It is time for this to end.  Moreover there is a very dirty little secret under the hood of our simulation codes.  For the greater part, our simulation codes are utilizing an ever-decreasing portion of the potential performance offered by modern computing.  This inability to utilize computing is just getting worse and worse.  Recently, I was treated to a benchmark of the newest chips, and for the first time the actual runtimes for the codes started to get longer.  The new chips won’t even run the code faster, efficiency be damned.  A large part of the reason for such poor performance is that we have been immensely lazy in moving simulation forward for the last quarter of a century.

For example, I ran the Linpack benchmark on the laptop I’m writing this on.  The laptop is about a generation behind the top of the line, but rates as a 50 GFLOP machine!  It is equivalent to the fastest computer in the World 20 years ago; one that cost millions of dollars.  My iPad4 is equivalent to Cray-2 (1 GLFOP), and I just use it for email, web-browsing, and note taking.  Twenty years ago I would have traded my first born simply to have access to this.  Today it sits idle most of the day.   We are surrounded by computational power, most of it goes to waste.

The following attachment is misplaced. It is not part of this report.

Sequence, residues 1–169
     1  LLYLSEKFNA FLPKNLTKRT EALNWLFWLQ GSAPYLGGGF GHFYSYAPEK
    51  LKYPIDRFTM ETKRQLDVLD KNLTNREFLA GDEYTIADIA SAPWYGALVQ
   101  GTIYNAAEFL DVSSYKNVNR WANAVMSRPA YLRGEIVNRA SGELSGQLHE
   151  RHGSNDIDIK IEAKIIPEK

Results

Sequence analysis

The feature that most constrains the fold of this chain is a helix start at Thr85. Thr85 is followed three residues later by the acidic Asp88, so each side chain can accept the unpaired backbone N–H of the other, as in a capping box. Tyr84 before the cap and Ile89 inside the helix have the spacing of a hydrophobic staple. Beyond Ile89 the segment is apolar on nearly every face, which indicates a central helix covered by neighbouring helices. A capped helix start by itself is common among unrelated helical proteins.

The ubiquity of computational power is actually an opportunity to overcome our laziness and start doing something.  Most of our codes are using about 1% of the available power.  Worse yet, the 1% utility may look fantastic very soon.  Back in the days of Crays we could expect to squeeze 25-50% of the power with sufficiently vectorized code.  Let’s just say that I could run a code that got 20% of the potential of my laptop, now my 50 GFLOP laptop is acting like a one TeraFLOP computer.  No money spent, just working smarter.  

Beyond the laziness of just porting old codes with old methods, we also expect the answers to simply get better by having less discrete error (i.e., a finer mesh).  This should be true and normally is, but also fails to rely upon the role that a better method can play.  Again, the reliance on brute force through a better computer is an aspect of outright intellectual laziness.  To get this performance we need to write new algorithms and new implementations.  It is not sufficient to simply port the codes.  We need to think, we need to ask the users of simulation results to think, and have faith in the ability of the human mind to create new, better solutions to old and new problems.  This only applies to the areas of science where computing has been firmly established, there are new areas and opportunities that our intimately connected and computationally rich world have to offer. 

These points are just the tip of the proverbial iceberg.  The deluge of data and our increasingly networked world offer other opportunities most of which haven’t even been thought of.  It is time to put our thinking caps back on.  They’ve been gathering dust for too long.